There are several types of online output and print-based output that you can produce in Flare. HTML5 is the recommended online output type, and for print-based output, PDF and Word are preferred. Each output type has its own set of advantages.
It is easy to confuse output types with targets, but they are two different (although related) concepts. A target is one instance of an output type. It is the engine that takes all of your files and settings, and brings them together to produce the end result. When you build your final output, you are essentially building one or more of the targets in your project.
In Flare you can add targets using any of the available formats, and you can make as many copies of an existing target that you want. For example, your project might end up containing three targets that are all based on the output type (in addition to other targets).
However, just because you are provided with one or more targets initially, this does not mean that you are limited to just that target in your project. In Flare you can add targets using any of the available formats, and you can make as many copies of an existing target that you want. For example, your project might end up containing three targets that are all based on the HTML5 output type (in addition to other targets).
In addition to regular targets, you can use batch targets to generate and/or publish one or multiple targets in a batch from the user interface, perhaps scheduled to run at a specific time. See Building Output Using a Batch Target.
If you want to create multilingual output, you can create a multilingual target. To do this, you can link translated Flare projects to your current project. When you build your output, Flare will generate output using the target files found in each linked project. When you open the output, you will be able to access files for each language.
You can export project files and content based on targets that you create. One reason you might want to use this feature is to quickly and easily archive projects, especially if you have an extremely large Flare project and need to archive only parts of it. Another use for this feature is translation. If you only need a portion of a master project to be translated, you don't want to send the translator all of the files, but rather a smaller version of the project containing only the files requiring translation.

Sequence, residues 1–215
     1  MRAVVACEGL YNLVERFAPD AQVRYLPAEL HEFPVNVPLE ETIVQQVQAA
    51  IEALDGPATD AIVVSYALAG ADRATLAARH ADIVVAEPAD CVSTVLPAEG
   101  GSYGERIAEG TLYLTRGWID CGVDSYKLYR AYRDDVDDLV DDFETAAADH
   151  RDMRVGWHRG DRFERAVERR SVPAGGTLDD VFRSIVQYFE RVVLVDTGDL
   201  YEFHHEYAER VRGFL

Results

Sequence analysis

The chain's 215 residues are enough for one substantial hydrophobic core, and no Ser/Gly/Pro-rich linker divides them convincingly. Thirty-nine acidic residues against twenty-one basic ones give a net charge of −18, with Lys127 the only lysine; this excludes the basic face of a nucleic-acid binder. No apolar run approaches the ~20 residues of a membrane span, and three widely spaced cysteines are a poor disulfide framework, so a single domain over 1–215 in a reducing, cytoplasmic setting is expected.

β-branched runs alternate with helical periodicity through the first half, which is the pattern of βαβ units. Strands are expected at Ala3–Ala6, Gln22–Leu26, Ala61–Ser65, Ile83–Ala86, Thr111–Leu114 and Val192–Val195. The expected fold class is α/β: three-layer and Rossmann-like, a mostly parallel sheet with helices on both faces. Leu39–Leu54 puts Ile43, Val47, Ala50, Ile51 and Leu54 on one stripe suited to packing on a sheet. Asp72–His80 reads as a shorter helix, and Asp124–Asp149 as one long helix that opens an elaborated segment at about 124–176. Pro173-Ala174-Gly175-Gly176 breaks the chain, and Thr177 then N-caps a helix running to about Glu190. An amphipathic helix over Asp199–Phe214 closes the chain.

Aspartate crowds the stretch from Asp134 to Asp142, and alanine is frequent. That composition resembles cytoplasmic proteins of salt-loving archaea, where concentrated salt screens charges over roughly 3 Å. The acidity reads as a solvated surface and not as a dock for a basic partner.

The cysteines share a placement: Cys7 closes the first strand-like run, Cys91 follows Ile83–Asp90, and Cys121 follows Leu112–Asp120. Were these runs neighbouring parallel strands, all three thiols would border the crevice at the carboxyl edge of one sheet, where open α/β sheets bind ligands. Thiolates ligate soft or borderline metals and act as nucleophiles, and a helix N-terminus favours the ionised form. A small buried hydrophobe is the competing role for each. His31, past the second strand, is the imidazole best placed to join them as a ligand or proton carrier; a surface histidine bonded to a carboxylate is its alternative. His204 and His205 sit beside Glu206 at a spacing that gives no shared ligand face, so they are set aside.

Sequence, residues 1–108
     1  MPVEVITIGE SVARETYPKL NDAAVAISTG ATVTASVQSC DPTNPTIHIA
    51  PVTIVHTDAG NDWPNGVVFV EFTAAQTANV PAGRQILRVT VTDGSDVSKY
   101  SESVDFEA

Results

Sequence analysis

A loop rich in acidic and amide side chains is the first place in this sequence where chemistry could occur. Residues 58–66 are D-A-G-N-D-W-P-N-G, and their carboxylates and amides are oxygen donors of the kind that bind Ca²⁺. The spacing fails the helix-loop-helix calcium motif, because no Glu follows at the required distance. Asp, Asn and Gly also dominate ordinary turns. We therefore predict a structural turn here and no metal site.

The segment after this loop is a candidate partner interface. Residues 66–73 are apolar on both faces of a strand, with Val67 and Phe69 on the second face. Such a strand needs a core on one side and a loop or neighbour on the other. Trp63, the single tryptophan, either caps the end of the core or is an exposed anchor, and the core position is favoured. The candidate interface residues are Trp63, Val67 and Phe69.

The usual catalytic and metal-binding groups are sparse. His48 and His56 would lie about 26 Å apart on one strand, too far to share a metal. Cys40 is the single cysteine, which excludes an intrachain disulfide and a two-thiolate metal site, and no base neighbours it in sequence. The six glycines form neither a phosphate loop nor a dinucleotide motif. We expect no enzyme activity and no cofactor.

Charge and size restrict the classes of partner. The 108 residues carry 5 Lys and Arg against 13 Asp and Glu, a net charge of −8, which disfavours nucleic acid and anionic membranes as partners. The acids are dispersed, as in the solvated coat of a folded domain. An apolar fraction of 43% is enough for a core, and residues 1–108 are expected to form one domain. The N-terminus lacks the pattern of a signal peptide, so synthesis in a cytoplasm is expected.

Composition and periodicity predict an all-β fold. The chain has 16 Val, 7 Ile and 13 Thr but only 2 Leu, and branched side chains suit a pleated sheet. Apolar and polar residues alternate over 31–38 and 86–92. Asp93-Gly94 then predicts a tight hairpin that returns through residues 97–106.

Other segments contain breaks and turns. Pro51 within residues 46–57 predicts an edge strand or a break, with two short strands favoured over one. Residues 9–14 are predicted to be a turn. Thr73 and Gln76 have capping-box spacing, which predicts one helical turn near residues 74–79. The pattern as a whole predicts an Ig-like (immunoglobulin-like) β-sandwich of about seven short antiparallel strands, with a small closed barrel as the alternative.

Following are the basic steps involved with targets:
- Determine Output Type The first task in developing output for your project is to determine which type of output is most appropriate for your needs. You might even need to produce multiple outputs and require more than one output type. See Determining the Output Type.
- Add Target You can add as many new targets as you want to a project. You can also copy existing targets. See Adding Targets.
- Rename Target Let's say that you have compared the different output types available and decided that HTML5 is the output type that best meets your needs. However, you want to produce two online Help systems from your project. The solution is to add a new HTML5 target or make a copy of another HTML5 target so that you now have two targets based on the HTML5 output type. You can then rename the targets to help identify them. See Renaming Targets.
- Open Target You can open a target at any time to edit it. See Opening Targets.
- Set Primary Target You can have as many targets in a project as you want, and any of your targets can be built (generated) whenever you like. However, chances are that you will have one target that you work with more than the others. Therefore, you can set it as your primary target. See Setting a Primary Target.
- Edit Target Settings Using the Target Editor, you can edit properties for any of your targets. See Editing Target Settings.